Management 101: Don’t Let the Shit Float Up

Tips on How to Get Promoted in the Foreign Service.  If you can live with yourself…


More often than not, these guys (and most were men) did nothing of the sort.  And when I got back to Washington, first serving as a DAS in a functional bureau and later in a regional bureau, I was thrown under the bus by my so-called protective bosses.

I’d ask, “What happened to backing up my decisions, taking the heat for my decisions or arguments in meetings?”  The manager would typically stammer, hem and haw, and say something on the order of, “you’re in the big leagues now.  It means taking ownership for your decisions.  Trust me it won’t reflect badly on you.  In this building, no one makes decisions so someone who does is eventually valued.”

Bullshit.  The State Department has a thousand ways for the managers to cover their asses, and only one way to make a decision.  It’s easy to duck your responsibility — write an action memo to your boss or better still to your boss’s boss.  Pushing them to make the decisions.  As you’d expect, most of those came back with copious notes and no decision or the third box.  The first box is “yes,” the second box is “no,” and the third box is the principal’s response, which in so many words was “Don’t expect a decision on this from me.  Either send it to the Deputy Secretary or rewrite it to make it ‘less committal’ or better still spike it.”

No sour grapes (well, maybe a few), no unhappy camper, no respect within the building (but tons outside, where decision makers are actually admired)  To be honest, Washington, or at least the State Department runs more on non-decisions than true “yes” or “no” decisions…  Or wait until the crisis happens and then someone has to make decisions, usually at the highest level.  It is the essence of Edmund Burke’s conservatism.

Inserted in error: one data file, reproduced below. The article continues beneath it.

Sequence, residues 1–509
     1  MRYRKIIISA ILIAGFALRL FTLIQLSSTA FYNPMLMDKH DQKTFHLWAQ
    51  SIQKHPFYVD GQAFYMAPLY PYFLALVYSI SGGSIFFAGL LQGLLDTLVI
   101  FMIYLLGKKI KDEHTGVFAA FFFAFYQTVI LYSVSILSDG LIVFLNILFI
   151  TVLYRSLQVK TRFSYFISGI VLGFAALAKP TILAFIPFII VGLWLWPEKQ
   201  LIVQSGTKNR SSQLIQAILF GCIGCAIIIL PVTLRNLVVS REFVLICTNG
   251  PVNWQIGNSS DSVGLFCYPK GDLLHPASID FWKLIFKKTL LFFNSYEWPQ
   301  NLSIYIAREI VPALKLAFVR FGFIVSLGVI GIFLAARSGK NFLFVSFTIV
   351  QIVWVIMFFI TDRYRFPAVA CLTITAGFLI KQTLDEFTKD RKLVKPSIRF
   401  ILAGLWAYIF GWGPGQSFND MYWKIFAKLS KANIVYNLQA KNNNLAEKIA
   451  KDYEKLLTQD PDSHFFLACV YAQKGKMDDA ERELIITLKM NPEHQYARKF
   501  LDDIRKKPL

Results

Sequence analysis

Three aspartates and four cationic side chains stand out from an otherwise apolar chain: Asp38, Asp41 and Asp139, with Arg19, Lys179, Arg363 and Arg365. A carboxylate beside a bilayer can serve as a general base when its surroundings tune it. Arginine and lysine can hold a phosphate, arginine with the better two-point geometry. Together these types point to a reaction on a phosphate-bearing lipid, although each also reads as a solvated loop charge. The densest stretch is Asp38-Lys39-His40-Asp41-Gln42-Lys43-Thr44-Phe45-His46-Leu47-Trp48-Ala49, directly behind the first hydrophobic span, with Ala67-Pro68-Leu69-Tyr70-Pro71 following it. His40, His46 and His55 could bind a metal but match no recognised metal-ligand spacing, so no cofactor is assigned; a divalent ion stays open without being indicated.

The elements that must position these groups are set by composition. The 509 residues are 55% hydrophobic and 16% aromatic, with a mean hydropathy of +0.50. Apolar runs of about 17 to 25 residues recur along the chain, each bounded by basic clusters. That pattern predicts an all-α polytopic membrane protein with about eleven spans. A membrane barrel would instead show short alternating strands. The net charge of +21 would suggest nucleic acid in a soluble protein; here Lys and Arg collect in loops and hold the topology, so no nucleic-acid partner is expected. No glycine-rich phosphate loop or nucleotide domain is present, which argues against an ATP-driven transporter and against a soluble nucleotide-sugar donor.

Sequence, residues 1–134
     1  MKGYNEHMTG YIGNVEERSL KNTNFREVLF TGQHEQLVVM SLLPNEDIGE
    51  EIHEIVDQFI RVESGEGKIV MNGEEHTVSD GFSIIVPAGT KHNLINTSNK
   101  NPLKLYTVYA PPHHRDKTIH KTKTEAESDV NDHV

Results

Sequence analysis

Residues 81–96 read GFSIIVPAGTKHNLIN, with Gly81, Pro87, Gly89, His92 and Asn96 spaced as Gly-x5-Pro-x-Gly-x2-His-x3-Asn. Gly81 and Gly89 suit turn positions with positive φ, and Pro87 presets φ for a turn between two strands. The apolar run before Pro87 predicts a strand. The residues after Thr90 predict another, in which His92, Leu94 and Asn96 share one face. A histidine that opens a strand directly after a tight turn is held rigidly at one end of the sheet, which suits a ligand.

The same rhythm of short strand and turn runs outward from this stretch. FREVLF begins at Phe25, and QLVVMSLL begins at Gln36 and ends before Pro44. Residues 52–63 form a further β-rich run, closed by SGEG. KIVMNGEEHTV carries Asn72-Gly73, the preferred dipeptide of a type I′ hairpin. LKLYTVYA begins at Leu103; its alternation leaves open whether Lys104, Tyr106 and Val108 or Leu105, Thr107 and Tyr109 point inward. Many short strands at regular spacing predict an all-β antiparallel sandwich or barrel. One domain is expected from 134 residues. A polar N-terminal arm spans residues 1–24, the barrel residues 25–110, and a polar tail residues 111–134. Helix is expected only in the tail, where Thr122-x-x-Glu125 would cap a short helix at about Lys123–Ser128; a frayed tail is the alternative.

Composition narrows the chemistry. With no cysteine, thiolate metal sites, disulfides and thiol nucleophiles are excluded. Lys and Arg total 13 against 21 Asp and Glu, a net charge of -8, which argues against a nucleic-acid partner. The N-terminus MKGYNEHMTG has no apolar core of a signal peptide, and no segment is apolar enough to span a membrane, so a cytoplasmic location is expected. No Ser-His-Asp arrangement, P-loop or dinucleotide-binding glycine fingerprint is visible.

In the Foreign Service, you will get promoted if you stay away from decision making..  You will get promoted if you don’t/don’t make waves.  You will be nailed and beaten down if you disagree with the higher-ups, even if they haven’t made a decision. You make a decision on something it’s your ass flapping in the wind.

Trust me, and forgive me my bitterness.  I still consider working as a Foreign Service officer the best job in the world, and certainly in the U.S. government.  It’s just with the passage of time, I see things more clearly.  And occasionally, just a few times, it irks me.

Pick your assignments carefully; pick your bosses very carefully  But that’s the subject of my next post.

Cheers and good luck,

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